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Can strong work experience counter a lacking traditional research background?
No. Those years will be largely wasted, and can even hurt you in the admissions process.
And finally, I've always been aware of a stereotype of academic inbreeding in higher-level academia. Would having my MAC at UNC prevent me being strongly considered as a PhD student there?
It will not. If you make an impression on professors it may very well improve your chances.
I'm already a huge Tarheel fan...
This is a really bad reason to go to UNC, although yes, it is quite a good school. UNC typically takes a large cohort of accounting PhD students, but your odds of getting admitted there are still very, very small. A higher percentage of applicants gets into Harvard Business than will get into most accounting PhD programs.
I'm sure I'll be taking a lot more as the year goes on, but we won't dabble in calculus too often.
You should really take calculus and linear algebra now. Take them as electives!
I realize this is VERY early on, but I generally plan pretty far in advanced... Having an end goal keeps me very motivated!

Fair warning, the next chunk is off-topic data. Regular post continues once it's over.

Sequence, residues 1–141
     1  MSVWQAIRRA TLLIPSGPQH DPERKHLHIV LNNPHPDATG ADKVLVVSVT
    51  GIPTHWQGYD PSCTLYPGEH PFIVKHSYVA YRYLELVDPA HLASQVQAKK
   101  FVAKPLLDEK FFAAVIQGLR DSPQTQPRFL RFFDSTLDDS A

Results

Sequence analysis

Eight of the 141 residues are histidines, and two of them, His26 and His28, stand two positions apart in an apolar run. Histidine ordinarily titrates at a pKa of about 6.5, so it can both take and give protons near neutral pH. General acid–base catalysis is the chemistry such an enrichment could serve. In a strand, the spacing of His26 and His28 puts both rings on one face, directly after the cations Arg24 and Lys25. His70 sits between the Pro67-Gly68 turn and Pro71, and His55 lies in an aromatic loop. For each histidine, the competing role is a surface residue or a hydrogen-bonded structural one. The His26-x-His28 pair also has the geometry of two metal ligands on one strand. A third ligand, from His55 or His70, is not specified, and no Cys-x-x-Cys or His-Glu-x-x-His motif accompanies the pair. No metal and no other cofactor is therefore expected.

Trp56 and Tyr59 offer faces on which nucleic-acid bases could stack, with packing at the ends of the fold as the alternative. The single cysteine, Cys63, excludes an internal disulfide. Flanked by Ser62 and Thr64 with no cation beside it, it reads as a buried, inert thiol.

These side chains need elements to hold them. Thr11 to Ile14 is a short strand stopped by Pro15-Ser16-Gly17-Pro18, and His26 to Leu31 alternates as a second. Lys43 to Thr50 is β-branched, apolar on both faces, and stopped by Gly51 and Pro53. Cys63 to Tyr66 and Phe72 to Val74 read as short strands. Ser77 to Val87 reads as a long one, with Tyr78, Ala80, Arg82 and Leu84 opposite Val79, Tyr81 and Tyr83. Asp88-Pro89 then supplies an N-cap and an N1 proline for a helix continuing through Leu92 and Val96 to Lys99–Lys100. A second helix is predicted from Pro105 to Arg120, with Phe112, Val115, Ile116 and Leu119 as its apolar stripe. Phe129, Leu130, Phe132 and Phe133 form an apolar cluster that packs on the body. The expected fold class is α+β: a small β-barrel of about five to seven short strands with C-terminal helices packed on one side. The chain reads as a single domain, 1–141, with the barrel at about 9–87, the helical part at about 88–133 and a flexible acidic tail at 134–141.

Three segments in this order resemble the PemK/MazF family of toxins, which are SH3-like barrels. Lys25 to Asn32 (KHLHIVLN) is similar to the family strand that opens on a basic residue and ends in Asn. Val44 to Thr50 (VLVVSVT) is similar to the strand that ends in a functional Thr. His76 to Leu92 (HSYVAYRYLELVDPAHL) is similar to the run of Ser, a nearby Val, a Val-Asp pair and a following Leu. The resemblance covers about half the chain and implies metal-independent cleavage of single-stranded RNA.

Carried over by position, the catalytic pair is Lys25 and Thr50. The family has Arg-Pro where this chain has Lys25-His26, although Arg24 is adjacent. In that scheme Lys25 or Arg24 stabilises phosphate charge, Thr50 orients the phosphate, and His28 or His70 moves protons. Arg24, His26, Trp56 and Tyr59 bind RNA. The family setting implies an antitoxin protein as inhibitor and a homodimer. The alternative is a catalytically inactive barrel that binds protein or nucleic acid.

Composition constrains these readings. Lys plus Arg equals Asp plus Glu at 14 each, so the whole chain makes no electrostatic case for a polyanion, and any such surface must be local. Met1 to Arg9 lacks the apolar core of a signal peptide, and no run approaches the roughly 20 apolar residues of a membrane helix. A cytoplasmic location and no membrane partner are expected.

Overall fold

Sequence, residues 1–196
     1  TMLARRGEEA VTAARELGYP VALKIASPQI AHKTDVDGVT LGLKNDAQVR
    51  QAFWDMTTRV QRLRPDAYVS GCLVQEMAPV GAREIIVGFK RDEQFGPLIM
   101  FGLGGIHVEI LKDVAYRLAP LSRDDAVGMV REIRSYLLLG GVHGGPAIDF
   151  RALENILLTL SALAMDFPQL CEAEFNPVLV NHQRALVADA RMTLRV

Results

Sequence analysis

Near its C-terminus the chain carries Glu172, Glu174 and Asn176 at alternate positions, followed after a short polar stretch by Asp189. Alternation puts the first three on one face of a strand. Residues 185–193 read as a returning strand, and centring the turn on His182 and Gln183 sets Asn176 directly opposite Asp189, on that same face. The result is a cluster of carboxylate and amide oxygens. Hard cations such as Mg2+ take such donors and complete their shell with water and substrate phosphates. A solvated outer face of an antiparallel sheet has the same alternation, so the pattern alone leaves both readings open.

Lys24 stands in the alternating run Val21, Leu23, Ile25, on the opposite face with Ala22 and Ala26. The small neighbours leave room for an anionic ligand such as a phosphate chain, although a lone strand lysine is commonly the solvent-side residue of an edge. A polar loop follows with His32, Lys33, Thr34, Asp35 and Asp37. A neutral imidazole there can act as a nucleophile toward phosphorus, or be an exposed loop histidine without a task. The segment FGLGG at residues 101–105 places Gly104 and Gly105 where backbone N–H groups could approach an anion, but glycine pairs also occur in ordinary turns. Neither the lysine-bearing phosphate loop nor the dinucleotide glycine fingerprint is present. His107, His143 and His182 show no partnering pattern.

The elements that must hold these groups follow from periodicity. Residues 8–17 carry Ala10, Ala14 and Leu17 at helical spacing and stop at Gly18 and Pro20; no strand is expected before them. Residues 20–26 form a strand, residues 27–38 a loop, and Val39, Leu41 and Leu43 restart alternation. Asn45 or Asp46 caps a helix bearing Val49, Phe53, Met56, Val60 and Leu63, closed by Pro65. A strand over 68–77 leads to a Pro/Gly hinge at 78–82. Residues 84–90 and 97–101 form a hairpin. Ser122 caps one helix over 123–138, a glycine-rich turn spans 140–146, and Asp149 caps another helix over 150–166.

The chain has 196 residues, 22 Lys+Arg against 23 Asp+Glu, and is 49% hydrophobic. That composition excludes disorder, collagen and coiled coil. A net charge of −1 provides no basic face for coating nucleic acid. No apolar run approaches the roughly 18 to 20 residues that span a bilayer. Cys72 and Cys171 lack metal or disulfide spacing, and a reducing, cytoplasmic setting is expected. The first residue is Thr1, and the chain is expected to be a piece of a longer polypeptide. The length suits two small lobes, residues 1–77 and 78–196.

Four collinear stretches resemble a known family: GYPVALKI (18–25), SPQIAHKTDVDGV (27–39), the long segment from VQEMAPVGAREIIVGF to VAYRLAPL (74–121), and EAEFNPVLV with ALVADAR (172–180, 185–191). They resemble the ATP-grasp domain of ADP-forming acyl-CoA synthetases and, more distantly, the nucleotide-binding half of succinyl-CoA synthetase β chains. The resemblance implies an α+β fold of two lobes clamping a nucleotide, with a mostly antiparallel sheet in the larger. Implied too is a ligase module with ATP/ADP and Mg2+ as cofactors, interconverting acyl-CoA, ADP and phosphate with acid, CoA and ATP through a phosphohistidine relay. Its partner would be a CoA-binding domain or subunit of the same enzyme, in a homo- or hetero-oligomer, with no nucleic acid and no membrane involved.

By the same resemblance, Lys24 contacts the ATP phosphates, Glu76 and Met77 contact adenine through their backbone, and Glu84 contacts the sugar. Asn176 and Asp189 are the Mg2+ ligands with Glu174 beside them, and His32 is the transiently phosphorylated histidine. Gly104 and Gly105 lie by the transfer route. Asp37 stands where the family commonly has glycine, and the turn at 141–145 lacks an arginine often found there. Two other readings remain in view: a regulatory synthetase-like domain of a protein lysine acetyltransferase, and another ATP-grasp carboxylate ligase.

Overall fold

My advice to you is to see if you can get some RA work. Tell the professors you are interested in research and you want to help them with their's. Learn what it is you are getting into, because I don't think that knowledge is reflected in what you've written so far. If you want to do a PhD, those MAC classes don't mean much. You need economics (NOT business economics), statistics (NOT business statistics), and math (NOT math for business majors). It's not expected you will have all of these when you enter the program, but this is what Adcoms look for.
If you are entering your last year in the program, you should be able to take the calculus sequence. Do so. Become an RA, compensated or un-compensated. Start planning how you can get the three best letters you can. After you graduate, get a job. Your hours will be restrictive, so you may not be able to take on additional coursework. If you can, take Linear Algebra. In either case, begin studying for the GMAT. Search my post history for GMAT specific advice.
If you have calculus, research experience, strong letters, a good GMAT (90th percentile quant/90th percentile verbal is the unofficial cutoff for UNC, or so I was told) and good GPAs, you will be competitive for UNC and similar schools.